Alfred Hitchcock collaborates with famed mystery writer, Raymond Chandler (who co-wrote the script) as Farley Granger, Ruth Roman and Robert Walker star in Hitchcock's suspenseful murder-mystery based on the novel by Patricia Highsmith. Granger is a tennis pro, who gets caught in a web of murder, conspiracy and deceit, when he encounters a psychopathic playboy (Walker) during a train trip to Washington, D.C., who tries to talk him into taking part in a double murder scheme. The British version of the movie runs two minutes longer, and with a different ending and franker dialogue in the first scene, where the two men first meet. Remade as the 1969 "BOMB", "Once You Kiss a Stranger", and was the inspiration of the making of the 1987 comedy parody, "Throw Momma from the Train". One of Hitchcock's best body of work. Filmed on location in Washington, D.C., Danbury, Connecticut and Los Angeles, California. Also starring Leo G. Carroll, Patricia Hitchcock, Laura Elliott (Kasey Rogers), Marion Lorne, Jonathan Hale, Howard St. John, John Brown, Norma Varden, Robert Gist, John Doucette, Jack Cushingham, Edna Holland, Georges Renavent, Edward Hearn, Ralph Moody & Charles Meredith.
Don't Talk To Strangers
- Bruce Reber
Alfred Hitchcock's suspense thriller "Strangers On A Train" (1951) proves that the adage I'm sure many of us heard when we were kids "Don't Talk To Strangers" is quite true - it will get you into trouble every time! I saw "Strangers" on TCM Essentials Saturday 4/17/10 - it's been a long time since I've seen it, and I discovered again just how good this Hitchcock thriller is. Farley Granger is great as the tennis pro trying to get a divorce from his wife so he can marry his girlfriend, and Robert Walker gives a chilling turn as the demented playboy who wants to knock off his father. Both of them have a chance meeting on a train, and a case of thinking out loud plunges them into a bizarre situation that can only happen in a Hitchcock film. The wild finale on an out-of-control merry-go-round has to rank as one of the best Hitchcock chase culmination scenes ever, right up there with the Statue of Liberty in "Saboteur" and Mount Rushmore in "North By Northwest".
Strangers on a Train
This film is just as suspenseful and well paced as when I first saw it in 1951, The performances are good to excellent. Laura Elliott, Marion Lorne, and Patricia Hitchcock contribute much in their supporting roles. Robert Walker is outstanding. Farley Granger's performance is much better than most people have been able to appreciate. This is a very excellent film.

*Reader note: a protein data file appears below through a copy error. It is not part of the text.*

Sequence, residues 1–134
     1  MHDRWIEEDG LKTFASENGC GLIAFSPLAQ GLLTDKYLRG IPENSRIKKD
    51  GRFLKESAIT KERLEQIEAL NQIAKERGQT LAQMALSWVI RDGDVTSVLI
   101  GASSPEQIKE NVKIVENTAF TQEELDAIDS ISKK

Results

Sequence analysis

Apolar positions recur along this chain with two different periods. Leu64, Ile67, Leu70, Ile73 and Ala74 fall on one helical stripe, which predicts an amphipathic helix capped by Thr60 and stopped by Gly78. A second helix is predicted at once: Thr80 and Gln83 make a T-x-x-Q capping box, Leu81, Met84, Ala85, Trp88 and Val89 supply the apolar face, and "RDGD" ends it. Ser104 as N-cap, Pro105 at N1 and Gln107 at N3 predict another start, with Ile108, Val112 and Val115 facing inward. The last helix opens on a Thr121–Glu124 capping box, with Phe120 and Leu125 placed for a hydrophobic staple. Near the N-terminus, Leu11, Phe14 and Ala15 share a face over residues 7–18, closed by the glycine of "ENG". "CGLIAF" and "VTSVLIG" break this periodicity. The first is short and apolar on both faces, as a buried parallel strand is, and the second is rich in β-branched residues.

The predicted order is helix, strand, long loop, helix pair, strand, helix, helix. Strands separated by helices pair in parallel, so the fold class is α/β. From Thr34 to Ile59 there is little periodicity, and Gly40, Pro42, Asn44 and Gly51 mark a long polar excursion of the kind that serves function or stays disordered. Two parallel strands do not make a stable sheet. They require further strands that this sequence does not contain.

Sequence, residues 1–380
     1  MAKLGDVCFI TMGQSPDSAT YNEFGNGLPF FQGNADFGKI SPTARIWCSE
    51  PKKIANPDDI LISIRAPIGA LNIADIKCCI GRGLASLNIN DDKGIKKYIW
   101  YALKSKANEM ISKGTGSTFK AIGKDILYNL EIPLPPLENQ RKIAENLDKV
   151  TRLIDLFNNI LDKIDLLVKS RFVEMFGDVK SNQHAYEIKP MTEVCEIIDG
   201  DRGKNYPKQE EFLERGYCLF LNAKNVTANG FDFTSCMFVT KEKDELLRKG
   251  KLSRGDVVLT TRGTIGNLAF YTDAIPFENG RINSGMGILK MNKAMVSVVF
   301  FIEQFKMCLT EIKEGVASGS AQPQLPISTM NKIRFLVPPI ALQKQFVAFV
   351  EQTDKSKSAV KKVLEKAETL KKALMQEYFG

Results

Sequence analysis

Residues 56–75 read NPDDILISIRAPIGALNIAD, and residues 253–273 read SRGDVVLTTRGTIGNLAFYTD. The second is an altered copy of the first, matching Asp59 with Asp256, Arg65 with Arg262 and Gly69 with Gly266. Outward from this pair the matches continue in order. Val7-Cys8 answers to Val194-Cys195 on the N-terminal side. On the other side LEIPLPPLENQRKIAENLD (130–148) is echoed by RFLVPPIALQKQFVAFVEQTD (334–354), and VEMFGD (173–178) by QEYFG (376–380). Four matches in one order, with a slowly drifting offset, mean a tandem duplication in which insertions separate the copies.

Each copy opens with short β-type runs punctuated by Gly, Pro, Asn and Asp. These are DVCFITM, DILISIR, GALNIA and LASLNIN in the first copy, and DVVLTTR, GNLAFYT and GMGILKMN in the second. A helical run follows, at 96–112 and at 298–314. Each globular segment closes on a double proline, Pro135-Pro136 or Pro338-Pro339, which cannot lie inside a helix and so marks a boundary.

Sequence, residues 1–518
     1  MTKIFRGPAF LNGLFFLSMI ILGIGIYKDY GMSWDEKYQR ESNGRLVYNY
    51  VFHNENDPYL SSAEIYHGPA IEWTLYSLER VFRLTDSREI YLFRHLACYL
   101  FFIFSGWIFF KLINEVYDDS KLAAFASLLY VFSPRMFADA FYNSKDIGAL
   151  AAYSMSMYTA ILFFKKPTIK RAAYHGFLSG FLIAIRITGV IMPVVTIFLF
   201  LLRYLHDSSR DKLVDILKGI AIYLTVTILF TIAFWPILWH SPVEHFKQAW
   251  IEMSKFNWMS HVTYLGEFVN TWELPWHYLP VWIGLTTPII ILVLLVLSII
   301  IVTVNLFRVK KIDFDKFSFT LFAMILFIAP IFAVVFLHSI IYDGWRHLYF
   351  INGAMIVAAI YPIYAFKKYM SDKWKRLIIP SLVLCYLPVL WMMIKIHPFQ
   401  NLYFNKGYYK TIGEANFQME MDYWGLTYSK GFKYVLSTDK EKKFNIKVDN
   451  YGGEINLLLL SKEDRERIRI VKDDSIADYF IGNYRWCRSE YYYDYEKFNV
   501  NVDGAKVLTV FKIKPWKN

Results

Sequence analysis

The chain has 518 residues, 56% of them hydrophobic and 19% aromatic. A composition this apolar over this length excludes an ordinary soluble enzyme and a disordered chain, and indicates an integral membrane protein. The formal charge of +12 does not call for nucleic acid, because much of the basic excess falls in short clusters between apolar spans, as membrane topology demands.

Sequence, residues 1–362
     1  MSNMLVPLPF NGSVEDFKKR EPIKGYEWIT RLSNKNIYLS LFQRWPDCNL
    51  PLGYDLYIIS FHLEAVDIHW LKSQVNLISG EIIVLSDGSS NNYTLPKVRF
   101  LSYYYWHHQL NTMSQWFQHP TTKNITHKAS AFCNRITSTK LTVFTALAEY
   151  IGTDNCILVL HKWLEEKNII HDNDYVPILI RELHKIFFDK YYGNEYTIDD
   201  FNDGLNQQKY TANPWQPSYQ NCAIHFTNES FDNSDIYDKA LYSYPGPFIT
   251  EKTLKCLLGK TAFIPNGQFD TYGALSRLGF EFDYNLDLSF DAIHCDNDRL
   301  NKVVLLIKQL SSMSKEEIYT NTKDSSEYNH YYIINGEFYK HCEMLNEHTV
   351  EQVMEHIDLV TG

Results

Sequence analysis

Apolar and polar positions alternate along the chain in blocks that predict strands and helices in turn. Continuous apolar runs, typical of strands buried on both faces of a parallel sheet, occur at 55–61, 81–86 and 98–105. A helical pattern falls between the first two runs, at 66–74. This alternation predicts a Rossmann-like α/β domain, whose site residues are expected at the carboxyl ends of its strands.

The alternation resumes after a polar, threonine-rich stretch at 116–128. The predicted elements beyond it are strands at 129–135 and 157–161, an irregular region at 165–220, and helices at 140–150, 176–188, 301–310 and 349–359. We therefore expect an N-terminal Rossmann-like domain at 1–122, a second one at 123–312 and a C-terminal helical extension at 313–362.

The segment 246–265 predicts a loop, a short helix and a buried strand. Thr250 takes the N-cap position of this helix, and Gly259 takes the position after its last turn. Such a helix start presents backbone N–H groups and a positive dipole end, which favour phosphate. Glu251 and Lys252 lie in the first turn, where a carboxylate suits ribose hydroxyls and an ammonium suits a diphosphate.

One of Hitchcock's Greatest
- The Lady Eve
One of Hitchcock's best, it showcases his absolute mastery of visual storytelling and technical wizardry and delivers all the great hallmarks of his style dazzling visual set pieces, historical sites in the landscape, a "wrong man accused" theme and one of his most powerful doppelganger motifs.The cast is solid (particularly Farley Granger, Kasey Rogers/aka Laura Elliott, Patricia Hitchcock and Leo G. Carroll), but it is Robert Walker's virtuoso performance as psychotic killer Bruno Anthony that "makes" the film.High on the list of Hitchcock's top films among critics and fans alike.
Strangers On A Train
I am an old (in every sense of the word) movie fan, This movie was TERRIBLE. Robert Walker was so miscast. It was pathetic. Farley Granger was great but the story was not worthy of his talent. As for Alfred Hitchcock...I can't believe that such a great artist might have had anything to do with this film. I am so disappointed in TCM for using this important slot at 8 pm/Saturday to show such stuff.
See It AND Read It!
Ranks at the top among Hitchcock movies. I've loved it since I first saw it. Performances are stunning! But I recently checked the book out from the library and was equally entertained and impressed. Excellent writer! Story was changed a bit for the screen, as were some of the other details. Not sure why. However, if you can, read the book first; then watch the movie. I saw the movie first, and it was so vivid in my memory that I didn't get to use my imagination while reading the book. Whichever you do first, I think one only enhances the other.
Strangers on a Train (1951) M
- Jay Higgins
An absolutely amazing film, one of the greatest movies ever made, and one of Alfred Hitchcock's five best. Incredibly tense and suspenseful, a true classic. The screenplay is superb, the cinematography is inventive and excellent. Every performance is great, especially the supporting cast - Marion Lorne and Patricia Hitchcock in particular. The final scene is one of the most memorable and greatest scenes ever filmed. One of the greatest movies of all time.
It had a great plot, and wonderful actors. It made me feel for the characters! I thought this movie was a good classic hit!
An Absolute "Must"
- Barry Phillips
Simply a terrific film. Tip-top Hitchcock with an engrossing plot revolving around the supposed trading of murders. There are exacting performances by Walker and (Alfred's daughter) Pat, barely hidden homosexual overtones, and a jaw-dropping climax. A beaut, a feast - Highly recommended.